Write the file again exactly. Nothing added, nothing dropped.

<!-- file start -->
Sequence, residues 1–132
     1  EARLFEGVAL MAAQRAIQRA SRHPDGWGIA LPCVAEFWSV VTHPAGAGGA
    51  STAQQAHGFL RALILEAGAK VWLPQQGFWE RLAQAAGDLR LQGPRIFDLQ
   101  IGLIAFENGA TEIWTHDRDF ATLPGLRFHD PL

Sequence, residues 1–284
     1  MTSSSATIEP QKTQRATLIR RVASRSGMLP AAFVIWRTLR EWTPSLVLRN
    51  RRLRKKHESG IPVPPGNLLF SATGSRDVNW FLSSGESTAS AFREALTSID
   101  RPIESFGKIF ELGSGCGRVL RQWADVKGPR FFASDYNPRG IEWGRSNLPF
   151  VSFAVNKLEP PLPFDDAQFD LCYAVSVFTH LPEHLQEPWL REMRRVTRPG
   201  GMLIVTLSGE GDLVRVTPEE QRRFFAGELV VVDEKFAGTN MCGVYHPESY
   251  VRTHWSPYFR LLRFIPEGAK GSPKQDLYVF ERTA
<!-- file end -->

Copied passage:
Sequence, residues 1–132
     1  EARLFEGVAL MAAQRAIQRA SRHPDGWGIA LPCVAEFWSV VTHPAGAGGA
    51  STAQQAHGFL RALILEAGAK VWLPQQGFWE RLAQAAGDLR LQGPRIFDLQ
   101  IGLIAFENGA TEIWTHDRDF ATLPGLRFHD PL

Sequence, residues 1–284
     1  MTSSSATIEP QKTQRATLIR RVASRSGMLP AAFVIWRTLR EWTPSLVLRN
    51  RRLRKKHESG IPVPPGNLLF SATGSRDVNW FLSSGESTAS AFREALTSID
   101  RPIESFGKIF ELGSGCGRVL RQWADVKGPR FFASDYNPRG IEWGRSNLPF
   151  VSFAVNKLEP PLPFDDAQFD LCYAVSVFTH LPEHLQEPWL REMRRVTRPG
   201  GMLIVTLSGE GDLVRVTPEE QRRFFAGELV VVDEKFAGTN MCGVYHPESY
   251  VRTHWSPYFR LLRFIPEGAK GSPKQDLYVF ERTA